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Offline laithclark

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Re: Calculating a higher starting gravity to liquor back
« Reply #2 on: January 09, 2019, 03:07:15 AM »
Hi there

Thanks for the thinking. The issue with the equipment is that its not mine, I rent the brewery on a per use basis otherwise I'd have a much bigger tun and a few other things besides.

I have thought about using ME to do the job but I'd rather stick with the grain solution and I get very good extraction rates with the kit its just limiting the wort output the more grain I use. I was just wondering if I use more grain to achieve say 4.5% ABV and then liquor back to say 4.2% then what is a good way to calculate that in advance of brewing rather than on the fly when I know what wort I have and OG.

Thanks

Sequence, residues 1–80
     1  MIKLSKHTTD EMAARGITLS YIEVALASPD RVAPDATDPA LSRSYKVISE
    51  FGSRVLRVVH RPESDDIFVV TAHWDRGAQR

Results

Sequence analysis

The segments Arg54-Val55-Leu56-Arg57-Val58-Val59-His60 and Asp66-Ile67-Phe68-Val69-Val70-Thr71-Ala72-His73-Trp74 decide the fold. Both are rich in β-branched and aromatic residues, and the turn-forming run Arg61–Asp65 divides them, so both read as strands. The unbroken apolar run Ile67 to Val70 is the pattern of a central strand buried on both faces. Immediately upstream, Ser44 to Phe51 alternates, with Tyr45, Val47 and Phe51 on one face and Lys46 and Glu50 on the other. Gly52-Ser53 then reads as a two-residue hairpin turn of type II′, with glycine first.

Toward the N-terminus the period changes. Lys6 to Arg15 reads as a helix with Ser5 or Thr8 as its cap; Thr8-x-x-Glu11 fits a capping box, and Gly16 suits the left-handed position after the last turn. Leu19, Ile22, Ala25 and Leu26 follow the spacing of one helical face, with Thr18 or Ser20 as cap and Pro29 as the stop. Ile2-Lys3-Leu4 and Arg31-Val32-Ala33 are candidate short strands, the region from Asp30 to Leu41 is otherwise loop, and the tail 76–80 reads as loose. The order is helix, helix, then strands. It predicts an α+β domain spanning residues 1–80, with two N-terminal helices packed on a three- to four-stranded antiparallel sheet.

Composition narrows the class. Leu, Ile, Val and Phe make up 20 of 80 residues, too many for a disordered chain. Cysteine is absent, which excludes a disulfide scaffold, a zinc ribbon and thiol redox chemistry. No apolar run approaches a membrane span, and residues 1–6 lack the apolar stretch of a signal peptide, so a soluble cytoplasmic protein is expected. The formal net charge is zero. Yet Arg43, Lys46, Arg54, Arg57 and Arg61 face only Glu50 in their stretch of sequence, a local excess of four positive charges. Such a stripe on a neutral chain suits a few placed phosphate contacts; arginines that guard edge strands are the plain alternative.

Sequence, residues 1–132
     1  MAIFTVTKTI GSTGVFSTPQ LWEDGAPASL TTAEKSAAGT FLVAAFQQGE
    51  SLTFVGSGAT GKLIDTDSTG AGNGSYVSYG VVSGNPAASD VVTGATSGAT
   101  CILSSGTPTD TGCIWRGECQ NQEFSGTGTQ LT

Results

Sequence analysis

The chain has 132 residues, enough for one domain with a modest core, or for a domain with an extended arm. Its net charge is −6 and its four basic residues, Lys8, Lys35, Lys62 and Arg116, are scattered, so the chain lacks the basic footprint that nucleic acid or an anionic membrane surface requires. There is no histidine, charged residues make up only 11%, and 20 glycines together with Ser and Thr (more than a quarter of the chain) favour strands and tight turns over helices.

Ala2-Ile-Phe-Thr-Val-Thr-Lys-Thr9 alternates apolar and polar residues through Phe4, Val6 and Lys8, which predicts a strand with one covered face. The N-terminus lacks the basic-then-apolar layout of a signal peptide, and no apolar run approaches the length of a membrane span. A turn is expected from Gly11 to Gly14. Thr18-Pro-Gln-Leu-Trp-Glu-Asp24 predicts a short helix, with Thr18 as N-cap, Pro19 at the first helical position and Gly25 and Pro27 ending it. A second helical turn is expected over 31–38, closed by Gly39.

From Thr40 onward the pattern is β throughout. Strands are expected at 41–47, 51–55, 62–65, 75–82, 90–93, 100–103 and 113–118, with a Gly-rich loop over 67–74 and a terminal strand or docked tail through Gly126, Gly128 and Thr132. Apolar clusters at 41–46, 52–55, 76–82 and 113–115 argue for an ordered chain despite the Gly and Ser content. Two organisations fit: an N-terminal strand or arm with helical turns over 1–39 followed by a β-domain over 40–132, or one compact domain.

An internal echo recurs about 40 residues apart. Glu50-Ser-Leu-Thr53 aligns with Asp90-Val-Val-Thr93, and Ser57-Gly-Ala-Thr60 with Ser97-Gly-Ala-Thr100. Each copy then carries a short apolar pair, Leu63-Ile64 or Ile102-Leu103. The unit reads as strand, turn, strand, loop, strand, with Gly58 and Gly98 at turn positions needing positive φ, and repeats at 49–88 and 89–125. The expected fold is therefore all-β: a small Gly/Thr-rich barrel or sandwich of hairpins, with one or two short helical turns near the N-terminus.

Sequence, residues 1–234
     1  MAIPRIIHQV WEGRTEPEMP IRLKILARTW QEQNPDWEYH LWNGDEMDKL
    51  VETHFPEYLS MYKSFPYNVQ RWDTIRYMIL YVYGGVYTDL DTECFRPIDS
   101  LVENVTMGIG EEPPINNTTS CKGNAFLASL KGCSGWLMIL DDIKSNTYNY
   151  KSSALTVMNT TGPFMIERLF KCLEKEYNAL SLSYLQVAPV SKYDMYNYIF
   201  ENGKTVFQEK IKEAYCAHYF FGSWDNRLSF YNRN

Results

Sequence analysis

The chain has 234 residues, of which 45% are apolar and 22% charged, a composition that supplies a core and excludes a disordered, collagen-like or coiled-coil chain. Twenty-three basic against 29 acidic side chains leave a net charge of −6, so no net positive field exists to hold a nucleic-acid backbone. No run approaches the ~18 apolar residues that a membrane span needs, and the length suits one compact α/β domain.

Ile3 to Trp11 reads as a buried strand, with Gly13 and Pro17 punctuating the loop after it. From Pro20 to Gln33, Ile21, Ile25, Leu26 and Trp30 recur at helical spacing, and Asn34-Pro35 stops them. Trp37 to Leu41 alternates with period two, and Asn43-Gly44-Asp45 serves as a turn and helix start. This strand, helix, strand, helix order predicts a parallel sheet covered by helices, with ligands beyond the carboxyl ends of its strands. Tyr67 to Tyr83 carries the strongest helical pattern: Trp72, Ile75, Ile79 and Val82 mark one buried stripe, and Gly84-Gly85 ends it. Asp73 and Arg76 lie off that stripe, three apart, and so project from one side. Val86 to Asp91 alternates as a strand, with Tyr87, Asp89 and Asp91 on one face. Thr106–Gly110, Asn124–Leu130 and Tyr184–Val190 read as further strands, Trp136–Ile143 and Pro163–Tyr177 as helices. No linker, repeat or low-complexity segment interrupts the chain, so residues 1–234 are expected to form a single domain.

Laith

Online Oginme

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Re: Calculating a higher starting gravity to liquor back
« Reply #3 on: January 09, 2019, 05:29:21 AM »
Two things come to mind.  The first is to set up your equipment profile to top off with water into the fermenter.  This would set up the mash tun with less water than is needed and producing a higher OG wort to achieve your target ABV goal at the end of the process.  The second is to use the dilution tool and set up your recipe to produce the higher gravity wort from the onset. This is essentially doing a manual version of what the software can do in the first option, but it would be more representative of a dilution post fermentation and pre-packaging.  This is the way A-B in Merrimack, NH produces their NAIL brews; making a much higher alcohol batch and then diluting it in the packaging line to the desired level of alcohol.